Purpose: To apply computational methods to model normal age-related changes in corneal parameters and to establish their association with demographic factors, thereby providing a framework for improved detection of subclinical corneal ectasia (SCE).
Design: Cross-sectional study.
Methods: One hundred seventeen healthy participants were enrolled from Centre for Eye Health (Sydney, Australia). Corneal thickness (CT), front surface sagittal curvature (FSSC), and back surface sagittal curvature (BSSC) measurements were extracted from 57 corneal locations from 1 eye per participant using the Pentacam HR. Cluster analyses were performed to identify locations demonstrating similar variations with age. Age-related changes were modeled using polynomial regression with sliding window methods, and model accuracy was verified with Bland-Altman comparisons. Pearson correlations were applied to examine the impacts of demographic factors.
Results: Concentric cluster patterns were observed for CT and FSSC but not for BSSC. Sliding window analyses were best fit with quartic and cubic regression models for CT and FSSC/BSSC, respectively. CT and FSSC sliding window models had narrower 95% limits of agreement compared with decade-based models (0.015 mm vs 0.017 mm and 0.14 mm vs 0.27 mm, respectively), but were wider for BSSC than decade-based models (0.73 mm vs 0.54 mm). Significant correlations were observed between CT and astigmatism (P = .02-.049) and FSSC and BSSC and gender (P = <.001-.049).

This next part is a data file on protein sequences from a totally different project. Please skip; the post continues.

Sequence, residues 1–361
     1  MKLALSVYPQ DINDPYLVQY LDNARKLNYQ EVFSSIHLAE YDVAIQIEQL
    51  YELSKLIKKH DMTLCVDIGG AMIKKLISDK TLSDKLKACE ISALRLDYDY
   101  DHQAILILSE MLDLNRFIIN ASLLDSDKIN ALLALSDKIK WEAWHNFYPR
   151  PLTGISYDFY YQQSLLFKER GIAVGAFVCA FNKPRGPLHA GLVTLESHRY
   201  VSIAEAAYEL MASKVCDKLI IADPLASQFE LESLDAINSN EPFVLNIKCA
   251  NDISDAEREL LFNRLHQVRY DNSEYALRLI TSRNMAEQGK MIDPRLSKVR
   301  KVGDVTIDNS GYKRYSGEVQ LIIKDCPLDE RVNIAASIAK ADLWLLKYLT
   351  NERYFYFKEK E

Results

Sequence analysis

Conclusions: The developed models robustly described aging variations in CT and FSSC; however, other mechanisms appear to contribute to variations in BSSC. These findings and the identified correlations provide a framework that can be applied to future model development and establishment of normal databases to facilitate SCE detection.
Copyright © 2019 The Author(s). Published by Elsevier Inc. All rights reserved.